It is never that simple, of course. The media have often been used to control and misinform the public. Whether more often than not is a matter of debate. Let us see these two films as a history lesson, so as not to forget the moments when leaders had actual integrity and courage, and news media were not afraid to speak the truth. If it happened before, it can happen again. And in fact right now it is happening again, daily in the pages of the Post, many years after their 1970's moments of glory. Attention must be paid: the Fourth Estate is stepping up to the plate.

Sunday, December 31, 2017

Place holder

Image result for sunrise eye imageThis blog post is actually a place holder, as I do not want to let 2017 go by without having registered new proof of my existence. I started this blog in 2004 with 128 posts. In 2015 I blogged once and once again in 2016. In 2017 it was almost nonce, until now. To tweet is human, to blog divine.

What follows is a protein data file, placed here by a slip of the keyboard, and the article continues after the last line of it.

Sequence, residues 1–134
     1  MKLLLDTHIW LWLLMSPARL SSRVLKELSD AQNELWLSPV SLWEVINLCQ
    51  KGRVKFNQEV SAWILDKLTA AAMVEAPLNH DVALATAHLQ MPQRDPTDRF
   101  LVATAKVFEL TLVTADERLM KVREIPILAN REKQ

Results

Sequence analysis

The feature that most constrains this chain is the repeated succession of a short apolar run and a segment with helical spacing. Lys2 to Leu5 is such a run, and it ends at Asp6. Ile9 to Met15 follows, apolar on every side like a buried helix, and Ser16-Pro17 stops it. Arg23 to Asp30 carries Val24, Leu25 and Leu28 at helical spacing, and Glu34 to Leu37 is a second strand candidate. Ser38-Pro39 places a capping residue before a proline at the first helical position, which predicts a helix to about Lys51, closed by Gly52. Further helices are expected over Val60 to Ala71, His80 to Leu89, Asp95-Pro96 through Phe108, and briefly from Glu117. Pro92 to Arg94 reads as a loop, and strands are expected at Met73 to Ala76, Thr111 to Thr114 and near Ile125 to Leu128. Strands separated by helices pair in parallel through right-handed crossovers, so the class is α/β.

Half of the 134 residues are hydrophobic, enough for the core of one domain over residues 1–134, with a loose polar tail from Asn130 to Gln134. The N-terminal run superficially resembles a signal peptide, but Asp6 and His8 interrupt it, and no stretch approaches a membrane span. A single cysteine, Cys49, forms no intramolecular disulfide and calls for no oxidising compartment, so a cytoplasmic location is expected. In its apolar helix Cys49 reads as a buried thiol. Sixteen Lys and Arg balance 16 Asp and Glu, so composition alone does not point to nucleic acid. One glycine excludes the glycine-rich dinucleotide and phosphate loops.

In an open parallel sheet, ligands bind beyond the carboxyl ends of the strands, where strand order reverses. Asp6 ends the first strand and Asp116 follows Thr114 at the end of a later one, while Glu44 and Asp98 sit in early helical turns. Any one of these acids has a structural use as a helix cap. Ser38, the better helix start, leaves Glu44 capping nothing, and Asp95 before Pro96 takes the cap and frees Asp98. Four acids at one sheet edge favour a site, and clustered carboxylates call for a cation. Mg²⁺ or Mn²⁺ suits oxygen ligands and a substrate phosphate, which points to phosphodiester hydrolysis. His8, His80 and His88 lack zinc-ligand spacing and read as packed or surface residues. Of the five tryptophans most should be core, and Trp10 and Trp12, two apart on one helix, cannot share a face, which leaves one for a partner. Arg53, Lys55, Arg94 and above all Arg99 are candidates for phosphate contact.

Why this downward trend, this trailing away into nothingness? Am I becoming inarticulate? Should I be talking about the brilliance of Twin Peaks or Doctor Who (trying to preempt generations of commentators)? Should I be detecting the influence of Van Gogh's style on Shakespeare (because I believe these things work backwards in time)? Should I spout off more of my deranged metaphysics such as what I wrote in 2005?

I probably should say, write, and do a lot of things I don't. Perhaps in 2018 I will be more successful at the Problem of the Unwritten Blog if I just grasp for transient moments of insight or inspiration rather than codify eternal pronouncements of infinitude. Perhaps that will be my New Year's resolution, to do just that. Prepare to be surprised. Or not.

Friday, September 16, 2016

Wonder where you can get it